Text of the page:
100 Books in 2011 review: Alone in Berlin

Book club is off with a bang this year. January’s choice was Alone in Berlin by Hans Fallada (trans: Micheal Hofmann) and I loved it from the from start to finish.

Otto, an ordinary German living in a shabby apartment block, tries to stay out of trouble under Nazi rule. But when he discovers his only son has been killed fighting at the front he’s shocked into an extraordinary act of resistance, and starts to drop anonymous postcards attacking Hitler across the city. If caught, he will be executed.

Soon this silent campaign comes to the attention of ambitious Gestapo inspector Escherich, and a murderous game of cat-and-mouse begins. Whoever loses, pays with their life.

The opening chapter is one of the most powerful I’ve ever read. I read on the train and I was bawling my eyes out. Michael Hofmann’s translation is perfectly pitched and Alone in Berlin is an easy, fast read. Which may be surprising given the subject matter.

Fallada’s characterisation is exquisite. All of the characters are individuals and they come alive on the page. There are no stereotypes or stock characters here. And each character, regardless of how nice they are, is treated with empathy. Through these people Fallada shows how easy it is for civilization to crumble. The state can encourage the basest behaviour through making difference illegitimate, dissension dangerous and rewarding obedience. Systematic terror makes it hard to be a good person and easy to take advantage of the less fortunate. And it happens slowly, insidiously, until before you know it the world you thought you lived in is gone.

I love moral ambiguity and Alone in Berlin is replete with it. The Quangels made daily acts of resistance that achieved nothing except giving them back their self-worth. And you might say that knowing in your heart that you didn’t completely give in is important, yet Anna and Otto’s actions eventually damage the lives of several of the people around them. Their resistance had a tangible cost and an intangible outcome. Was it really the right thing to do? Should they have done something more? And this isn’t the only time the question of right and wrong is raised with complex, unclear examples. It’s not easy and all the pain of living with your choices is laid bare in this novel.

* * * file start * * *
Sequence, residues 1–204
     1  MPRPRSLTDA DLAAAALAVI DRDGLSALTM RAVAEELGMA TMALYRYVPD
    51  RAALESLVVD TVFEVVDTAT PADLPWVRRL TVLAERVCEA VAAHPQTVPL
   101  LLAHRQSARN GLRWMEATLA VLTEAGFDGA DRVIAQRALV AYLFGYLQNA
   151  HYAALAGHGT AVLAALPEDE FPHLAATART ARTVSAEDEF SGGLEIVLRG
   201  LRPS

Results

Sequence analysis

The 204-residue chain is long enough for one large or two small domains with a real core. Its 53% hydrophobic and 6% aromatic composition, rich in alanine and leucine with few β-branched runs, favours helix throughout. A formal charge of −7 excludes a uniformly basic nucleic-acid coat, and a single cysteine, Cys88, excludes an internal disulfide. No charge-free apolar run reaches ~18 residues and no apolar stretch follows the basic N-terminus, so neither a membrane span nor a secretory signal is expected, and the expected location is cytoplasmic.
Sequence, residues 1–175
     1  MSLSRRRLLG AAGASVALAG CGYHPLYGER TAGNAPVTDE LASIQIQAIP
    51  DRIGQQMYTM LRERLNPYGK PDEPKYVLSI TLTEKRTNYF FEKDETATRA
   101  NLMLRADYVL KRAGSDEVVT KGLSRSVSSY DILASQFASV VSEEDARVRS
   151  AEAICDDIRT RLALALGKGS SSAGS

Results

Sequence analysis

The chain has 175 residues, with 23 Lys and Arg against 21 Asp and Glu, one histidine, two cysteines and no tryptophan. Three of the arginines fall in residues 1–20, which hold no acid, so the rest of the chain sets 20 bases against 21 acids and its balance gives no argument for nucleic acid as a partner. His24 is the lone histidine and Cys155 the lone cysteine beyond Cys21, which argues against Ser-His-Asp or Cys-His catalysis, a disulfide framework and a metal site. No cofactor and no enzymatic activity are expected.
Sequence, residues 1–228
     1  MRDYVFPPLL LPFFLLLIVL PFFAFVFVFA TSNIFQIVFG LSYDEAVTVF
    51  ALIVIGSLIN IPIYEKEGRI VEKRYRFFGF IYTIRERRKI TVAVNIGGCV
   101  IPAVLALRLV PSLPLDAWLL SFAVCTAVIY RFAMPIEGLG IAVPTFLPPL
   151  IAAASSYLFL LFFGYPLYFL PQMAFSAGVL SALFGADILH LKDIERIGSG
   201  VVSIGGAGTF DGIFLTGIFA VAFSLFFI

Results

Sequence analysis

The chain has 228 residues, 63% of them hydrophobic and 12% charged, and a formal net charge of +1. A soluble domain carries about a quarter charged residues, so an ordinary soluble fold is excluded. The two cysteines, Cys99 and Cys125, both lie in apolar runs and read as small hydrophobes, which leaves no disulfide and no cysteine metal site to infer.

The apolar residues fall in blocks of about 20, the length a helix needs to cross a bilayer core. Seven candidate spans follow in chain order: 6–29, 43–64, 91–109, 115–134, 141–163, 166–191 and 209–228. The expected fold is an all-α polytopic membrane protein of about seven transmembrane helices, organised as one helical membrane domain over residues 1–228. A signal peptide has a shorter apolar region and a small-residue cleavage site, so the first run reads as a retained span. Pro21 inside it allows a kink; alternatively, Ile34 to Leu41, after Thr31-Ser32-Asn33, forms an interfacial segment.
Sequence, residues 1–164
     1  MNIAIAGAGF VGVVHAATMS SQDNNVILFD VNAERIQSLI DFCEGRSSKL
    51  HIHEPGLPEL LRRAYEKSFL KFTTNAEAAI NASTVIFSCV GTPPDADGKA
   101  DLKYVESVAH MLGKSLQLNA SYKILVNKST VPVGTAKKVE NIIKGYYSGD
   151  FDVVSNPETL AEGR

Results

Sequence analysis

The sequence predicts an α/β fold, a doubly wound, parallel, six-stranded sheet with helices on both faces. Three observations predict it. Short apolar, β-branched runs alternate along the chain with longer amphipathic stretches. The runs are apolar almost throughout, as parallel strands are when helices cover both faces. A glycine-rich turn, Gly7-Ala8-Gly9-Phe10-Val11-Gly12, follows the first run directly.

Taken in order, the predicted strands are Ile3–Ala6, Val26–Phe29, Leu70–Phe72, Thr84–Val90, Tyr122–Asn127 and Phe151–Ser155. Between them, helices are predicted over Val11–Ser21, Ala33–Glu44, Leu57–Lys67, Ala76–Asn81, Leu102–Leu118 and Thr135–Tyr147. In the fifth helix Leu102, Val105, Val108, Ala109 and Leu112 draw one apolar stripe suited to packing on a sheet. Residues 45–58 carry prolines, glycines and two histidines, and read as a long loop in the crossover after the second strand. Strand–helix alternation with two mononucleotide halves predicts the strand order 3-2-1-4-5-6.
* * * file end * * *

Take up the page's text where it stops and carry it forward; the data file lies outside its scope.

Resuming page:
Alone in Berlin is an excellent example of an author that shows and rarely tells. We know who these people are because of what they say and do, not because the author tells us who they are. And this is a book originally written in 1947 so the omniscient POV is used and on occasions Fallada gives himself permission to use the authorial voice. Another member of the book club (who read the book in German) says that Fallada uses the Dickensian tradition of giving characters names that describe them.

If you like fiction that strips away the vanity of civilization and shows us what we are, what we can be, with brutal, uncompromising truth, then you will love this. For me, this is one of the best books I’ve ever read.

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